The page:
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Here's the thing. I'm watching one of these shows on the Cooking Channel featuring food trucks. There's a Scottish expat making fish and chips; in a thick brogue he somewhat wearily explains his irritation with Americans who habitually order a side of tartar sauce: "tartar sauce is basically gherkins." That's this blog. I claim no particular insight, no revelation. If you enjoy the flavor, great, but this blog is basically gherkins.

1st and Ten: The Weekly Tendown: April 18-24 2010.

Sunday, April 25, 2010

Dear Internet:

Can I get away with beginning Tendown with the phrase "let's get it poppin'"?  I used to watch Arsenio when I was an undergrad, with his giant Crayola suits and aerodynamic hair and think, "I will never be this cool - there's no circumstance where I'll ever be able to say Give it up - for Bell Biv DeVoe! and then lead the dog pound with a rapid series of fist pumps."

I was right.

This is Tendown 24. Here's Arsenio interviewing the Ultimate Warrior. Let's get it poppin'!

First: No Warrants Shall Issue But Upon Probable Cause


 A Tendown meme is the distance between conservative rhetoric about (1) fidelity to the Constitution and (2) the need for government to be small and not intrusive and the reality of the positions they support.  Just Last Week, in Tendown 23, I wrote about Virginia adopting an essay requirement (with church attendance as an apparent relevant factor) in determining when former felons are permitted a restoration of their voting rights.  Specifically, I wrote about it in terms of a lack of right wing response about tyranny.  Seems inarguable that, in a political year so focused around a Tea Party movement which is so predicated upon the conviction that government is acting without popular mandate, that there's nothing more central to distinguishing democracy from tyranny than the right to vote.  But here American citizens are, deprived of their right to vote, and yet no coverage on Fox News.  No rally from Michele Bachmann.  No incendiary speeches about "taking our country back." 

Makes you think conservatives don't really care about democracy at all.  A staggering notion.

This week, Arizona passed a law empowering police to stop -anyone- upon "reasonable suspicion" that that person might be an illegal immigrant and require that person to provide papers proving legal status.  We're about to have confirmation hearings for a new Supreme Court justice, and the conservatives will claim (no matter who the nominee is) that the nominee is unqualified given his/her "judicial activism" and a lack of fidelity to the constitutional text.  We want - they will say - in an argument that will echo across Fox News and drip down into the mouths of the Tea Baggers, someone who is a "strict constructionist" - who applies the plain and clear language of the Constitution instead of "legislating from the bench."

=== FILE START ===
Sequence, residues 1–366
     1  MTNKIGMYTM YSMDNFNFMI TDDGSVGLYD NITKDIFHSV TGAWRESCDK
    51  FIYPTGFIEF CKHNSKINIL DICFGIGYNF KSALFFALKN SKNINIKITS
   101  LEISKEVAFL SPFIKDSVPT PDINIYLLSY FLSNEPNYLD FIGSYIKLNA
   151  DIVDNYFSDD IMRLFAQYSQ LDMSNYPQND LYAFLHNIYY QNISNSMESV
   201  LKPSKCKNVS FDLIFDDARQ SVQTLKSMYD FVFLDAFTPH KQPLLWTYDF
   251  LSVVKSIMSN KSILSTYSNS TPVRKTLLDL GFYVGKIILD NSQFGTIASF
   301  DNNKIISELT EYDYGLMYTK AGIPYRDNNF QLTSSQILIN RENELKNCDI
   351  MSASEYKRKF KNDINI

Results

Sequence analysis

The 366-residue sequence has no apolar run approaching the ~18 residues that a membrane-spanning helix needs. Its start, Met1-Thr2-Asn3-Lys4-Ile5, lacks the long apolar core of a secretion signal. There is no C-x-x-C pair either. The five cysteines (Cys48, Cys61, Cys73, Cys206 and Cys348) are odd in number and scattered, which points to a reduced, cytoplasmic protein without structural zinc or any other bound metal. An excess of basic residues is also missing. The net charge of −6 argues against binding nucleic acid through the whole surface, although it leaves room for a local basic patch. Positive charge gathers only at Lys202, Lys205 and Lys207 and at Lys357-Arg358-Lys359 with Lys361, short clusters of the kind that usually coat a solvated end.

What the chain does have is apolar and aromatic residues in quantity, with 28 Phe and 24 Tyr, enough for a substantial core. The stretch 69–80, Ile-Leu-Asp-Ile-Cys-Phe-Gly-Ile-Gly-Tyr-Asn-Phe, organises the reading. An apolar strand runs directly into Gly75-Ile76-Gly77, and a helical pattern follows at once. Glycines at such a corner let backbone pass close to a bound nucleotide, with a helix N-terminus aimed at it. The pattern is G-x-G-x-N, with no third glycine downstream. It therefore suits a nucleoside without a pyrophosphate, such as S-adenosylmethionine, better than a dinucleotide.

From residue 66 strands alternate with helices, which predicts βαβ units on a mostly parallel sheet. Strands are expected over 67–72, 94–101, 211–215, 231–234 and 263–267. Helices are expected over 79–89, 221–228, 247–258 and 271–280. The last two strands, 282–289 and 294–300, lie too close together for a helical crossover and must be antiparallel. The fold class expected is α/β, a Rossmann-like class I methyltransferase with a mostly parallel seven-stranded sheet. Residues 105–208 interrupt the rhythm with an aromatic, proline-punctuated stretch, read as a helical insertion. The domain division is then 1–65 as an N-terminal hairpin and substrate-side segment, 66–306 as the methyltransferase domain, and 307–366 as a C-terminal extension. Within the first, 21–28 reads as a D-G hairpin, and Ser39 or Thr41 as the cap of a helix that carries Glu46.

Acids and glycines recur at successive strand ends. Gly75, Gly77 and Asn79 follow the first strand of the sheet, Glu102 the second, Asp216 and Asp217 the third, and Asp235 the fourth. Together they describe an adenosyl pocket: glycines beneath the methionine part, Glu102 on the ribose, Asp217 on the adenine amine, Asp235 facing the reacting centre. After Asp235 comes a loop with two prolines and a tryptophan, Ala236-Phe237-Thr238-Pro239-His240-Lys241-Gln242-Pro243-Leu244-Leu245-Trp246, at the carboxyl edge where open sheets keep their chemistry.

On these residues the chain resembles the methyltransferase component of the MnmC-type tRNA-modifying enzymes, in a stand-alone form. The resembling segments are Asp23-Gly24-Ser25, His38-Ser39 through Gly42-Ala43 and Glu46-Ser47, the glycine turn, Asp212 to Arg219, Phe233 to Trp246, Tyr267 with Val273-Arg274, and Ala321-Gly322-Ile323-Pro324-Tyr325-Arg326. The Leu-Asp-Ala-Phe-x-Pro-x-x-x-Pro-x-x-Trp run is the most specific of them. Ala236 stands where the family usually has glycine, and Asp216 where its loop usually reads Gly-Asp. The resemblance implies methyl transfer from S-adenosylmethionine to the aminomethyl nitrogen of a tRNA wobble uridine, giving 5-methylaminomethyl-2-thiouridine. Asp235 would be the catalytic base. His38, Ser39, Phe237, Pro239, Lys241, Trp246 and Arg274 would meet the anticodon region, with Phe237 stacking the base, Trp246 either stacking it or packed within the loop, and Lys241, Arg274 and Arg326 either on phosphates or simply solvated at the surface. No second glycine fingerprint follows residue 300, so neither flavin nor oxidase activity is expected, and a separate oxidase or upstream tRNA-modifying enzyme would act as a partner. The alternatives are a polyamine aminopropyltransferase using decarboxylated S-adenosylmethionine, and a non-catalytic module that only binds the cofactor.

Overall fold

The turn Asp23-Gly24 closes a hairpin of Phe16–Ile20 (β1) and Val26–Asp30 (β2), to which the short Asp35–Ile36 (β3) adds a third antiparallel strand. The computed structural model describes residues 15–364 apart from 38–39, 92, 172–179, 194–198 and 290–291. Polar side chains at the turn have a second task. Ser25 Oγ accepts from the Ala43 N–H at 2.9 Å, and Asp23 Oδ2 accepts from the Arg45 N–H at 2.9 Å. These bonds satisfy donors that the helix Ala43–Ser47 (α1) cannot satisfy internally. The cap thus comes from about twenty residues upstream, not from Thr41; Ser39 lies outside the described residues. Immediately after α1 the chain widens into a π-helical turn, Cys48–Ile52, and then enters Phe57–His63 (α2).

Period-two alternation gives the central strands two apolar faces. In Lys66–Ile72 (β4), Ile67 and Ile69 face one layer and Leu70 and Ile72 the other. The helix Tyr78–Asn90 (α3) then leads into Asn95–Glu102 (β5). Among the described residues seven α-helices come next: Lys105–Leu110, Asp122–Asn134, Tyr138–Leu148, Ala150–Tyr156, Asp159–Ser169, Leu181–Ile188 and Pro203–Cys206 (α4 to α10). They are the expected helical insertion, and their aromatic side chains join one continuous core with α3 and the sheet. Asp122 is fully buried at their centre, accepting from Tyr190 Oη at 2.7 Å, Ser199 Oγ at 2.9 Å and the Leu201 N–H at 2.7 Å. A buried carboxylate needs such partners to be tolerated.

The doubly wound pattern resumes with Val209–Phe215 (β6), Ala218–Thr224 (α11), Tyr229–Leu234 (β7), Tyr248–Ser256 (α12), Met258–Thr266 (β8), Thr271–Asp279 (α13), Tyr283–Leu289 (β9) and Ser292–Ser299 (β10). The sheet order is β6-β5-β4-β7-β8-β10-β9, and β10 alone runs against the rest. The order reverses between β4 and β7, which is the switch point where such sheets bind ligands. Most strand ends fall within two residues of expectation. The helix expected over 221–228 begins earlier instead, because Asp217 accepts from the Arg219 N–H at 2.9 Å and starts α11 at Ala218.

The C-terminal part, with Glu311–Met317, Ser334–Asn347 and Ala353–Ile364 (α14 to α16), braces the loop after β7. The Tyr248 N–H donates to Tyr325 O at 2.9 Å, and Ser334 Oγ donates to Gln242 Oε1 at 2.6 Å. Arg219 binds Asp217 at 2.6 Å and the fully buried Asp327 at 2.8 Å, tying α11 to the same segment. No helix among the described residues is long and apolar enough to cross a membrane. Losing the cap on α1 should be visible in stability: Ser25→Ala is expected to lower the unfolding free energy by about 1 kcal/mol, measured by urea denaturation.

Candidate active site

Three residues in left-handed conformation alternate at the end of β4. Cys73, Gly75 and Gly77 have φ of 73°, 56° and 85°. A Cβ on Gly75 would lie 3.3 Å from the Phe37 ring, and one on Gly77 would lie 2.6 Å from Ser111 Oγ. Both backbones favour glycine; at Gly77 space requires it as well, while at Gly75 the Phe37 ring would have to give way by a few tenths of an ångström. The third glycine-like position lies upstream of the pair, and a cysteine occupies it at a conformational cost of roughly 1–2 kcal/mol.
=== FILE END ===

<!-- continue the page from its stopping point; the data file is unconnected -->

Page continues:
If you like, feel free to pull out your copy of the Constitution and look for the phrase "reasonable suspicion."

I'll wait.

Here's Arsenio talking to Dice.  You know, just to have on in the background while you look.

There's a reason half of the Bill of Rights are limits on the government in the exercise of its criminal justice function; what the founding fathers who today's conservatives deify recognized is that the place where "big government" can most directly intrude upon the lives of Americans is in its ability to take away our liberty.  The 4th Amendment standard, requiring "probable cause" in order for police to conduct a search was specifically intended to require the government to have clear, articulable evidence that a suspect has committed a crime.  Conservatives have been lowering that bar for decades, increasing the power of the government in instances like traffic stops and public school searches by creating a lower standard of reasonable suspicion in specialized circumstances.  Reasonable suspicion is essentially just the judgment of a government official, "I suspect you of a crime, and most government officials in that situation would similarly suspect you."  It is a standard consciously, intentionally less than the probable cause standard written in the Constitution.  It is a standard which consciously, intentionally increases the ability of the government to intrude upon our lives in the most personal way possible.

So- this week - when Arizona said that anyone, at anytime, for virtually any reason can be required to prove legal status - it so completely hit the juxtaposition of those two key conservative principles - that there's just no way one can seriously accept (1) constitutional fidelity and (2) limited government as hallmarks of the American right wing given the utter lack of outrage by the right at this decision.  To the contrary, they support it.

The right does not care about small government.  The right does not care about the Constitution.

The right does believe in authoritarianism.  As long as they're the authorities.  That's what it worships.

And it finds any other government configuration illegitimate and will come as closely as it can for calling for armed resistance to it.  Remember that the next time the Tea Party is on television rallying against Obama's "tyranny" and literally crying about how he's "taking their Constitutional rights away."  Remember that this summer when every right winger on television is using the phrase "judicial activist" and "strict constructionism" to discuss the Supreme Court confirmation hearings.  If you can take that away from this week - it's the best element of the past 7 days.

After the jump, the rest of the Tendown.

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